Inventories are declining because demand is disappearing and companies are contracting.  In simple English, companies have stopped the production lines because demand was declining.  A rather significant component of companies contracting are the thousands of layoffs announced each week. 

So, as the consumer is supposed to bailout the economy with increased future spending, the consumer is being severed from a paycheck by means of unemployment. 

And, even if the unemployed do find new jobs, you can bet what might be left of your 401K that this new employment will be at a pay rate 25% to 50% below the previous job’s pay. 

Take the case of Mr. Porche Iwasrich.   Eight years ago good ole Porchie was a 22-year-old college graduate who just landed an $80,000 per year entry level position as an IT professional.  Since his net worth was above a million dollars (all stock options), he went on a buying spree.  After gobbling up a foreign sports car, a home theater system, two luxury vacations per year and a fortune in 5 star dining, Porchie met Ms. Beamer and settled into marriage and a family in their new $500,000 home.  Eight years, two children, 27 maxed-out charge cards and a stock market collapse later, Mr. & Ms. Iwasrich-Beamer have two pink slips, a negative net value and 50% of their previous income. 

Oh Yeah…the Iwasrich-Beamer family is going to bail this economy out. 

Let’s get real here. 

The U.S. economy is in the pooper.  Companies are continuing to drastically cut employment and spending.  Personal bankruptcies are at record levels and headed towards more than 1.5 million in 2001.  Over 33 million American workers are living from paycheck-to-paycheck with near record levels of personal debt.  The wealth created by the stock market is on a permanent vacation with the real estate wealth of the 1980’s.  

Coincidentally, all of the world’s economies are on a simultaneous downward spiral.  Even a ZERO percent interest rate in Japan cannot bring that country out of a ten-year decline.  Europe is returning to the Dark Ages. And…South America is ripe for an economic meltdown.  Are any bankers out there drinking a few retro-martinis in anticipation of an Argentine economic collapse?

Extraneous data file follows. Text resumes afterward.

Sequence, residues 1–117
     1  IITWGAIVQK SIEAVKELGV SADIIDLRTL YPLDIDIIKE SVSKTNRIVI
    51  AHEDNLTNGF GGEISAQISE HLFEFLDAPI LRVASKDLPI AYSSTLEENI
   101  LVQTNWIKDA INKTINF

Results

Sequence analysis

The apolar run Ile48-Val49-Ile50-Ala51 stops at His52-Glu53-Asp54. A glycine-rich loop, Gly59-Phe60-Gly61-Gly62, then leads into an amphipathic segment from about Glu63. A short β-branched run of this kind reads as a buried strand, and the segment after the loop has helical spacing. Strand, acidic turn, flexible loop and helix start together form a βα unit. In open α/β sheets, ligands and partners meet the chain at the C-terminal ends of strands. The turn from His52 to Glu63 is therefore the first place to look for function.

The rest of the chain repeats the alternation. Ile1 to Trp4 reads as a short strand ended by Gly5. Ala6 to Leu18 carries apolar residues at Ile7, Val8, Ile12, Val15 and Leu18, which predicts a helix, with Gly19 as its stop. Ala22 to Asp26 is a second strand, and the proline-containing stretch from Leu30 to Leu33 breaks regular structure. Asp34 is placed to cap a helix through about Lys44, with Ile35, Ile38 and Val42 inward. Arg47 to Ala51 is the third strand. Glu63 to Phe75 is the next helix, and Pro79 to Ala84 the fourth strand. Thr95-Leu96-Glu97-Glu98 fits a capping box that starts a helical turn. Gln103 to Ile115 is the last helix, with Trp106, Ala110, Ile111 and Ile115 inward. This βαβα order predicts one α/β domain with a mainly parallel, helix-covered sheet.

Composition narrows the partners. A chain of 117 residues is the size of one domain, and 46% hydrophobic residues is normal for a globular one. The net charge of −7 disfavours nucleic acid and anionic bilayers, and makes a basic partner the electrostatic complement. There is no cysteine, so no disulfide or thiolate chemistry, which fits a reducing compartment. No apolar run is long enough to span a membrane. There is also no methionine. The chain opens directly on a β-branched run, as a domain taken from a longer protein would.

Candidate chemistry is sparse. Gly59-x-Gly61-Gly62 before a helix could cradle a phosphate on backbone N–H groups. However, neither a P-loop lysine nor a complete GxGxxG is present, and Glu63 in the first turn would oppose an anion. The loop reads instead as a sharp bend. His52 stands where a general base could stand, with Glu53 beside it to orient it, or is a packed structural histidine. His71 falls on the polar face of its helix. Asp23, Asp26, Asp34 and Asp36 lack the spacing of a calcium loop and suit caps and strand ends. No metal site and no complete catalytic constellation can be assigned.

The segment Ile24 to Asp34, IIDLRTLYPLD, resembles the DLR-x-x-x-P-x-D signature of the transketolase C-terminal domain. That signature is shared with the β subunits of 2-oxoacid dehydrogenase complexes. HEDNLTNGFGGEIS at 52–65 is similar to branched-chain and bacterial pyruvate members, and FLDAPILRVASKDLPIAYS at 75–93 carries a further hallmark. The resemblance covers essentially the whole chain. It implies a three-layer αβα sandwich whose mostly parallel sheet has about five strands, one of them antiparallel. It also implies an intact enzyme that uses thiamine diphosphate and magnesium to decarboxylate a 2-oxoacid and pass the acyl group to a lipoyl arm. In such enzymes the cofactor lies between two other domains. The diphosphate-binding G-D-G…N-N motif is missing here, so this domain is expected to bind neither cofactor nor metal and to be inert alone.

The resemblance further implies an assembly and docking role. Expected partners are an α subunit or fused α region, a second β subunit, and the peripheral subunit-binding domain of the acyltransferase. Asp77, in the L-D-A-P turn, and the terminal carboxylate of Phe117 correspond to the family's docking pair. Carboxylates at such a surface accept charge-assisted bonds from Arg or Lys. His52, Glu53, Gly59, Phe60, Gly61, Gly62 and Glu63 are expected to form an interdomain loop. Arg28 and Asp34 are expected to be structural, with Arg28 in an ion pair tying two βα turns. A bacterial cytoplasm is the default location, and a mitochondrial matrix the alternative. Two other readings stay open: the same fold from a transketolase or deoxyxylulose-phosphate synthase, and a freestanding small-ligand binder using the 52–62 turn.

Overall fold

While the “Experts” fiddle with their quarter-to-quarter economic statistics, John Q. Public is feeling sicker and sicker as the storm clouds darken…and with good reason.  This economy is nowhere near a bottom. 


Washington and Wall Street have continuously demonstrated an ability to be out of touch with reality.  A year ago the nation’s media were quoting “Experts” who assured the public that a bottom was in sight and urged the unfortunate not to miss a “buying opportunity”. 


Chairman Greenspan allowed the U.S. economy to burn like Chernobyl before he jumped in with six successive interest rate increases.  But, by then, the damage was done.  It is hoped that Alan doesn’t approach intersections at 90 mph before slamming on the brakes in the last 10 feet.


Average Americans are worried and the “Experts” are in a state of denial or, worse, a cover-up.  With all of the possibilities for the economy still spinning in orbit, the best guess is that most people would be happy with a stop in the decline.  Think about a recovery to the excessive market levels of the Clinton years only after inhaling.


In the present, a recession might be good news compared to the very real possibility of a worldwide depression.